Lighthouses cast their bright beams out from where the land meets the sea, providing ships with a navigational marker, as well as warning them about dangerous coastlines in the fog. Their signature beacons are made possible by a Fresnel lens surrounding a single lamp.
The specially-designed glass lens was invented by French civil engineer and physicist Augustin Fresnel in 1822. It is said to have saved a million ships. From the BBC:
“Fresnel’s system was based on a key principle of geometric optics: when light passes from one medium to another – for example, air to glass and then to air once again – it changes direction. The lens’ concentric arrangement and ‘bending’ of light created a combined light intensity much greater than the light source itself.”
“This in turn allowed the light to be visible over greater distances. Fresnel installed his invention at Cordouan, a lighthouse already prominent in his home country, in an area known for its rugged coastlines and treacherous swells. By the 1860s, thousands of lighthouses had been fitted with Fresnel lenses, from small harbour lanterns to great sea lights.”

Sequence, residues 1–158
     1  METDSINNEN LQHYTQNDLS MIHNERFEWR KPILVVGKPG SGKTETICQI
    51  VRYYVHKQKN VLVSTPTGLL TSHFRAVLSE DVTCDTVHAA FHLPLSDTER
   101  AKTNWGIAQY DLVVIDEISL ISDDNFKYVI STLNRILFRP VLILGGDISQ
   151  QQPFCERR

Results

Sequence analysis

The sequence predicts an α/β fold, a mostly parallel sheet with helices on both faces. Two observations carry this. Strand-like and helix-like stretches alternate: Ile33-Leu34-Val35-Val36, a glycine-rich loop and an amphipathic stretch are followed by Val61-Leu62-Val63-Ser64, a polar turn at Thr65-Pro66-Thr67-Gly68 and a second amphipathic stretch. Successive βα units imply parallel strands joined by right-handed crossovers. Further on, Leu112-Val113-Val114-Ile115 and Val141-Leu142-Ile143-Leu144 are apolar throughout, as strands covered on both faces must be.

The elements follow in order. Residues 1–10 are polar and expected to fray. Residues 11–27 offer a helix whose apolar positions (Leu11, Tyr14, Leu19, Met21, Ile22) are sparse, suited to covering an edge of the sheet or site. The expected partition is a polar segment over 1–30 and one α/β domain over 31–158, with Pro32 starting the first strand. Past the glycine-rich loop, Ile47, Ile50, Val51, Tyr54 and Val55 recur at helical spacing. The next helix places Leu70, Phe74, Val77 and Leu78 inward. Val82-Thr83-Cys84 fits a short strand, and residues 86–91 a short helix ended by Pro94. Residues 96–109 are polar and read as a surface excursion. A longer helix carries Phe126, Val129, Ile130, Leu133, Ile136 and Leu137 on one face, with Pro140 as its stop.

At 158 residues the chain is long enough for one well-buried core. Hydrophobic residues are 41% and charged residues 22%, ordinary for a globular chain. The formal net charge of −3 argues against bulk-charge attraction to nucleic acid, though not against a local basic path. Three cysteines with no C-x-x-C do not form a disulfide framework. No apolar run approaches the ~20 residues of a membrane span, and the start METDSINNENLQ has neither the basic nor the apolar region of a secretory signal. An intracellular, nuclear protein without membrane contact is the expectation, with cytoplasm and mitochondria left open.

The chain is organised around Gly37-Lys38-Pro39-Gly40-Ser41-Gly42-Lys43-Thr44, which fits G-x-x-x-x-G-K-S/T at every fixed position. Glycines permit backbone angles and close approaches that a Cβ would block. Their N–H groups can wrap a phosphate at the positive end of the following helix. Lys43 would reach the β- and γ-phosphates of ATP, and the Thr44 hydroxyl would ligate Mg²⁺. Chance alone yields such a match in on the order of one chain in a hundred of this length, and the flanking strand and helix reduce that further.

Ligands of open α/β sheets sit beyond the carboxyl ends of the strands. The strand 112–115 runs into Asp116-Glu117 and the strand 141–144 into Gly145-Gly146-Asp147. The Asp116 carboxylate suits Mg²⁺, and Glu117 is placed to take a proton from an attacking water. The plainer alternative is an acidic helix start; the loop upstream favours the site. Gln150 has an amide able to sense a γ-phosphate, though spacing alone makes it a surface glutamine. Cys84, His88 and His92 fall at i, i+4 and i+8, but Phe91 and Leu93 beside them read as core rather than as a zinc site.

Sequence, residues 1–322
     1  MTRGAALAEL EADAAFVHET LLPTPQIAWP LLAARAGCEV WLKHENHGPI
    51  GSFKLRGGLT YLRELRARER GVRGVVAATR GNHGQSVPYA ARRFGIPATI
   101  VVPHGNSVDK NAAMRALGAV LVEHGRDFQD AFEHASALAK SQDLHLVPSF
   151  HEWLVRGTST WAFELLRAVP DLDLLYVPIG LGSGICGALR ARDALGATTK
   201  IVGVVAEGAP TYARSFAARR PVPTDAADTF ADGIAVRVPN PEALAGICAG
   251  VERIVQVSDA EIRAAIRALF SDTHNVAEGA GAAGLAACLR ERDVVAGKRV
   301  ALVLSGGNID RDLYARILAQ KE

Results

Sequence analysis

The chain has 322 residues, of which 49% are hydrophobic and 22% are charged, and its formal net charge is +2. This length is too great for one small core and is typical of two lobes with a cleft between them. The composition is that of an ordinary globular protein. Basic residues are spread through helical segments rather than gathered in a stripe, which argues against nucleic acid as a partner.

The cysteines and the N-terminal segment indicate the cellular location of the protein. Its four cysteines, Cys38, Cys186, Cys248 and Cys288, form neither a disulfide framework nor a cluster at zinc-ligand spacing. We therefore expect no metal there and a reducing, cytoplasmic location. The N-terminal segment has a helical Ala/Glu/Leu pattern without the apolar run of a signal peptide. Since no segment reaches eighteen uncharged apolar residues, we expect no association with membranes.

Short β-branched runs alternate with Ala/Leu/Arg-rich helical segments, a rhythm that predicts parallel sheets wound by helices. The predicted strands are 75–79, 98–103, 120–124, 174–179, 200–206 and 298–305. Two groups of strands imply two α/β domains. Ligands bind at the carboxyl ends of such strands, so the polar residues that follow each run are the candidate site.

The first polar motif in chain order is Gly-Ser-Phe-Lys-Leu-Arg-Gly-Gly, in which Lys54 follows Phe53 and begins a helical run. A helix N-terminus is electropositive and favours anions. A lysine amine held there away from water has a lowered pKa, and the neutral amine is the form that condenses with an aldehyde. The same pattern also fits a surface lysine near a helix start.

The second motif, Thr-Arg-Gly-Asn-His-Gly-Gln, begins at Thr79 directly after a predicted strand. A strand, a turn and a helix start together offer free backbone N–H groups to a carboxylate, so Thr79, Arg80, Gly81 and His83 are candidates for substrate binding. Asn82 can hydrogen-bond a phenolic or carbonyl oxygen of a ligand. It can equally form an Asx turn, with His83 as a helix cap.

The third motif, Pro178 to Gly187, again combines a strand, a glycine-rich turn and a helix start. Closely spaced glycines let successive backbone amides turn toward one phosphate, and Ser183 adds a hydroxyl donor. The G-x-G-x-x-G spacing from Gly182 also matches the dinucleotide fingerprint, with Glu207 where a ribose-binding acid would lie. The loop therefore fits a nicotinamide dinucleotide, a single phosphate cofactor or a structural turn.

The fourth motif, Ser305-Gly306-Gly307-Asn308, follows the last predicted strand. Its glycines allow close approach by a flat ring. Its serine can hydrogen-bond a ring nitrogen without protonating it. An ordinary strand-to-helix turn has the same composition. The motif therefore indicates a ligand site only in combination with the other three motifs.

The video above shares a Fresnel Lens Light Box demonstration by Artworks Florida Classic Fresnel Lenses.
“A laser is used to demonstrate how light is collected from a single lamp, then traces through each prism, showing how refraction and reflection is used to form a concentrated beam.”
Take a closer look at a Fresnel lens with the video below, or visit Artworks Florida’s online photo gallery.
Watch these lighthouse videos next:
• Keeping the Flame Alight with the Last of the Lampists
• The Lighthouse of La Jument
• Changing shifts at le Phare de Kéréon
Bonus: LENSES, a prism-filled light and sound installation.
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